Speaking over a boisterous crowd whose attention proved hard to corral, Brophy opened with his trademark introduction: “My name is Greg Brophy, and I am your gun-toting, bicycle-riding, Prius-driving farmer from Wray, Colorado, and I’m running for governor of the state of Colorado. I don’t know about you, but I think our state is headed in the wrong direction,” he said, listing gun-control measures, renewable energy mandates and “a governor who won’t do the right thing and sign a death warrant for a heinous mass murderer” as evidence, adding, “what a disgrace.” Brophy also pointed to Hickenlooper’s backing of the failed Amendment 66 ballot measure, which would have increased taxes to fund education.
“I think it’s time Colorado has a conservative governor, for a change,” Brophy said. He asked if delegates were ready to “kick Common Core out of Colorado,” referring to controversial education standards, and suggested replacing it “with a little common sense.”
Moments after the assembly convened, U.S. Rep. Mike Coffman, who is locked in what many have described as the closest congressional race in the country, recalled returning to Aurora after serving in the first Gulf War and finagling himself a job as a property manager. (He later pointed out that he’s the only veteran in the state’s congressional delegation.)
As a small businessman, Coffman said, he learned how to balance a budget and meet a payroll, attributes he said were missing in the nation’s capital. He then invoked his campaign’s familiar bogey man, former House Speaker Nancy Pelosi, and reminded delegates that when Democrats held “all the levers of power” in Washington — Republicans have controlled the House since the 2010 election — they were able to enact legislation, such as the Affordable Care Act, “without a single Republican vote. And we cannot let that happen again.”
Coffman also observed that Arapahoe County swung for President Obama and even gave the margin to his little-known Democratic opponent in 2012, and that he only won reelection due to huge margins in the northern Douglas County neighborhoods that fall within the 6th CD.
There were few contested races decided at the county assembly. In a crowded contest for the House District 37 nomination to replace term-limited state Rep. Spencer Swalm, R-Centennial, Michael Fields and Jack Tate made it to the primary ballot, where Jay Ledbetter could await if petitions he turned in Monday pass muster.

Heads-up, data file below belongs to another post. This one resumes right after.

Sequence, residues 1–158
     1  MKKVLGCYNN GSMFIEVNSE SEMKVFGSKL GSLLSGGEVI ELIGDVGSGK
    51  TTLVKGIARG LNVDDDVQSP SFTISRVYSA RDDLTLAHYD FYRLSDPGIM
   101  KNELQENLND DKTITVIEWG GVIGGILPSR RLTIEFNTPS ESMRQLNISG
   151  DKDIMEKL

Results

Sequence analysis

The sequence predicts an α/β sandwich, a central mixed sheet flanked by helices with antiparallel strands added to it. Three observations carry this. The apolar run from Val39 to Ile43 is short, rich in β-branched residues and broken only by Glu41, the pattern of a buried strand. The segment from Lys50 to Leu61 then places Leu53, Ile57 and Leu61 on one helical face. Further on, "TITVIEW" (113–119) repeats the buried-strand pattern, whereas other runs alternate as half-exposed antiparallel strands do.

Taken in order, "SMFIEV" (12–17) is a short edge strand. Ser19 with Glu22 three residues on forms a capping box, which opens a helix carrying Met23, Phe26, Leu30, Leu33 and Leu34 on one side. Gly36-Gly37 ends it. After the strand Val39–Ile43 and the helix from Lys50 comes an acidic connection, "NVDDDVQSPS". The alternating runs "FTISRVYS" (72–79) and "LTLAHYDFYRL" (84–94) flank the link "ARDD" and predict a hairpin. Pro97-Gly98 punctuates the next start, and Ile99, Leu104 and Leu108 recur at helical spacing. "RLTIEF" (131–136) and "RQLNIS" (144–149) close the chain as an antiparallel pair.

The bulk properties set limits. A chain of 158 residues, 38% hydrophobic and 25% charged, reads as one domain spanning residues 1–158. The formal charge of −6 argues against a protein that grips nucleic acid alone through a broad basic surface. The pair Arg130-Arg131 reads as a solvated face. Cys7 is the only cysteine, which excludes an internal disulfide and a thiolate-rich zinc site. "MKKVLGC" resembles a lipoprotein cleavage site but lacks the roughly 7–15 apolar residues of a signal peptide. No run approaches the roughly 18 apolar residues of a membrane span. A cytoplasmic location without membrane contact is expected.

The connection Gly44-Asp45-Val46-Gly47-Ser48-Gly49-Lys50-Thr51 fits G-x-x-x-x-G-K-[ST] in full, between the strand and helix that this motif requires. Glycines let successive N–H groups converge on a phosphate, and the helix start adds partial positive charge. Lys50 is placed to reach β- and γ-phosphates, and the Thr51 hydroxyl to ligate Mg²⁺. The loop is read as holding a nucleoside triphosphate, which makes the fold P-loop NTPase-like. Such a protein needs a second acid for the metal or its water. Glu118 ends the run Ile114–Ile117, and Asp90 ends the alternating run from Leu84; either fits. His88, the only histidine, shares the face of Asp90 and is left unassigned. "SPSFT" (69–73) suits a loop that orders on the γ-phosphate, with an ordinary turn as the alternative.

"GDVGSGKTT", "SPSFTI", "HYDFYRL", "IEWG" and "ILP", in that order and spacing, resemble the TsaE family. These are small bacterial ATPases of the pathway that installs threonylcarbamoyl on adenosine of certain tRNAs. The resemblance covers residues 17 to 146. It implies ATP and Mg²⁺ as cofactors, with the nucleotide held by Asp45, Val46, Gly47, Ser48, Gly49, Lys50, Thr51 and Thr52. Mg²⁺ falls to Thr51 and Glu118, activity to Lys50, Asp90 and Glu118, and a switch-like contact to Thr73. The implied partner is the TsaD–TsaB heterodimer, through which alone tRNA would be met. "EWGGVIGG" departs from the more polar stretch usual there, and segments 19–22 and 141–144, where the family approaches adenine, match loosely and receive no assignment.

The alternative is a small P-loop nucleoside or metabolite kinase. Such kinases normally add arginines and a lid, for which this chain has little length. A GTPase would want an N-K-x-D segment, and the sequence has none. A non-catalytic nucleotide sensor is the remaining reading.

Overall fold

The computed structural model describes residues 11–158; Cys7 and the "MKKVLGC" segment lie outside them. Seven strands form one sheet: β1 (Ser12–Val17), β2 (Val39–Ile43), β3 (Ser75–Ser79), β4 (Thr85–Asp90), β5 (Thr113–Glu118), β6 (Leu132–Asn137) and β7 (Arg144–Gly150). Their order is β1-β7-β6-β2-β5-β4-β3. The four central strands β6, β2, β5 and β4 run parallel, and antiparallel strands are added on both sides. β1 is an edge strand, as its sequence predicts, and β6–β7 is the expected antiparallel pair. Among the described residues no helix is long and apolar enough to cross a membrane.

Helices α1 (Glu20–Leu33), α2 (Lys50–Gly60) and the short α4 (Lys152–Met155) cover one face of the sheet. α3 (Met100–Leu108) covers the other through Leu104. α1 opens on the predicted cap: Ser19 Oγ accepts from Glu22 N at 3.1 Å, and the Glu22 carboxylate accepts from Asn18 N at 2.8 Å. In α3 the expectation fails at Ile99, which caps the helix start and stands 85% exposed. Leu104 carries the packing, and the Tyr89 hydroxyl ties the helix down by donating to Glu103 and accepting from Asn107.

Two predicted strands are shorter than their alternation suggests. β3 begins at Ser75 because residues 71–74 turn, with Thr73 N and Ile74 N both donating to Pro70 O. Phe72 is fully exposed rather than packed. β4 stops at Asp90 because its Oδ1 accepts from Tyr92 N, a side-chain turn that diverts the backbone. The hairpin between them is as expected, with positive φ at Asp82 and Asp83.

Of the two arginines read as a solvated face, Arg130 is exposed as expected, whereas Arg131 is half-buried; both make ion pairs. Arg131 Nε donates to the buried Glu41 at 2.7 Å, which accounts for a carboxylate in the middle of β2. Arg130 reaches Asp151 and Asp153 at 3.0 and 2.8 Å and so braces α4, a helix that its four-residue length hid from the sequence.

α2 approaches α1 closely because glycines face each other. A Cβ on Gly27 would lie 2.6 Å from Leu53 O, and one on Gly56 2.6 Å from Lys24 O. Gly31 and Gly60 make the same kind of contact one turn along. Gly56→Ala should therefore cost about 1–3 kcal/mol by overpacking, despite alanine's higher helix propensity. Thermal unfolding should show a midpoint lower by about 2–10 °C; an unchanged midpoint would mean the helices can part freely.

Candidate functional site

Earlier, Swalm, who endorsed Fields as his successor, made a case that Republican arguments in the Legislature aren’t worth much unless the party holds the majority in a chamber.
“And that’s why this election is so crucial,” he said, rallying Republicans to work as hard as possible to win the gavels. Swalm noted that the one relatively easy election he had was in 2010, “when Barack Obama was so unpopular.” He told delegates that this year is shaping up to be a similar electoral climate. “We have an opportunity to pick up the state House and the state Senate if we’re willing to do the work.
House Minority Caucus Chair Kathleen Conti, R-Littleton, previewed the oft-repeated theme that Democrats went too far last session.
“When even ardent Democrats could call the last session an over-reach, we know it truly was an over-reach. We watched the liberal agenda get crammed down people’s throats,” Conti said. “We’re trying to do everything we can, as House Republicans, to inform people of the negative policies, how they impacted our state and impacted your rights. Stand with me, fight with me,” she told the enthusiastic delegates.
Former Senate President John Andrews — taking a break from duties chairing the HD 37 assembly — told The Colorado Statesman that he was optimistic that this election could turn back a recent steady tide of Democratic wins in Colorado.
“I think we’re headed for a Republican wave election in 2014 because of massive disaffection by the whole electorate — Republican, Democrat and unaffiliated — massive disaffection with Hickenlooper and an over-reaching Democrat-led state Legislature, as well as the failures of the Obama administration, the disaster that is Obamacare, the weakness that America is displaying abroad in places like Ukraine and Syria,” Andrews said.
“The complete bankruptcy of leadership on the part of Barack Obama in Washington and John Hickenlooper in Denver, I think, points to a big opportunity for Republicans this year.” Pausing, he added, “No complacency — they’ve got to work and fight and battle every step of the way to November — but I’m very encouraged.”
See the April 4 print edition for full photo coverage.